Panel says College of Medicine must be adaptable
By Michelle Boulton
A wide-ranging panel provided lively debate on "The Role of the College of Medicine in the New Model of Medicare" in front of a packed downtown banquet room June 27 - part of the College's Highlights In Medicine conference.
The session was moderated by U of S alumnus and NBC news personality, Keith Morrison.
With a range of representation from the College, the medical profession and the general public, the panel offered varied opinions - but the animated discussion showed that most panel-members think if the College is to continue to serve the community and its students, it must become more adaptable.
Briane Scharfstein, Executive Director of the Saskatchewan Medical Association, said the College needs to "stay the course" and continue to prepare well-qualified physicians for the future. Because that future is difficult to predict, he said Saskatchewan needs a college that is flexible and able to respond to change.
"I think the challenge will be for the College of Medicine to convince the public, the profession, other caregivers and, maybe more importantly, government that physicians foremost, and the College of Medicine as well, are in the best position to plan the future of health care," said Scharfstein.
College of Medicine Dean William Albritton, agreed. One of the ways he sees the College adapting to become more responsive to the needs of the Saskatchewan people is to move from a solely university-based education into the community and the more remote areas of the province. He said this would provide students with firsthand experience and training in this type of medicine.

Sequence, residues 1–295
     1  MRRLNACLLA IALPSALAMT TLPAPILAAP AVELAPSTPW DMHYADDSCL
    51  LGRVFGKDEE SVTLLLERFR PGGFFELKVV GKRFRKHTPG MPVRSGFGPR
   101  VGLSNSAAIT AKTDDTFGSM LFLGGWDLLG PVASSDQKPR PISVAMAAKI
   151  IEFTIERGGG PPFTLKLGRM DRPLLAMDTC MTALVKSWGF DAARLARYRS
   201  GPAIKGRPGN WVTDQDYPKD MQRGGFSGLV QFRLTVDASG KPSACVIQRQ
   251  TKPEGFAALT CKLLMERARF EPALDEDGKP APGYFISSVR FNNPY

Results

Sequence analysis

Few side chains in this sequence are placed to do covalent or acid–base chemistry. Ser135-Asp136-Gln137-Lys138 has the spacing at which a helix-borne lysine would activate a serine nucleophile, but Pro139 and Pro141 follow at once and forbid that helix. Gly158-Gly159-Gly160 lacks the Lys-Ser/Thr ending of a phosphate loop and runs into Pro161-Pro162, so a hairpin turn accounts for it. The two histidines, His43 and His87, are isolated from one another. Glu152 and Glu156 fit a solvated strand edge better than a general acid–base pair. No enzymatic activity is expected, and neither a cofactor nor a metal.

Third-year medical student Rebecca Warburton is Vice-president of the College of Medicine Student Medical Society. She said that while the College already "does an amazing job of exposing [students] to different types of medicine," she is concerned about the lack of specialty training positions available.
She also indicated that tuition fees of nearly $10,000 per year are becoming prohibitive. "Most medical students have to get a bank loan and a student line of credit to pay tuition, and the average debt exceeds $50,000. This acquired debt influences every decision we make, including what area of medicine we want to practise and where we want to do it," she said.
For others, the cost of medical treatment was a higher priority than the cost of education. According to Charles Wright, a medical and academic affairs consultant and former head of the College's Department of Surgery, there is only so much that can be done with the funding available. He said demands on the health care system have changed over the years from caring for people who are sick to improving their quality of life, and if people don't lower their expectations of the health care system, Medicare won't survive.
"We've reached the point of absurdity in what people believe. Is there anyone here who believes we can do everything that's possible to do, to everyone who needs it, immediately and without delay? Yet we sort of pretend politically that this is still possible," he said
Saskatoon radio talk-show host John Gormley had a different perspective on public expectations. He said Canadians have "a profoundly personal relationship with health care." He theorized that people don't worry about the details of how a health care system works, but that the average person simply "wants timely access to treatment within a health care system where bankruptcy is not a consequence of getting sick."
After the debate, President Peter MacKinnon said he is "very optimistic about the future of the College of Medicine" because of its outstanding history and the number of initiatives currently underway.
His optimism echoed comments by former Saskatchewan Premier Roy Romanow who, before the panel debate, gave the audience an update on implementation of his Royal Commission Report on the Future of Health Care in Canada. Romanow said the greatest challenge to the College of Medicine is that "Canadians trust that we can get it right and that trust must be rewarded and not dashed."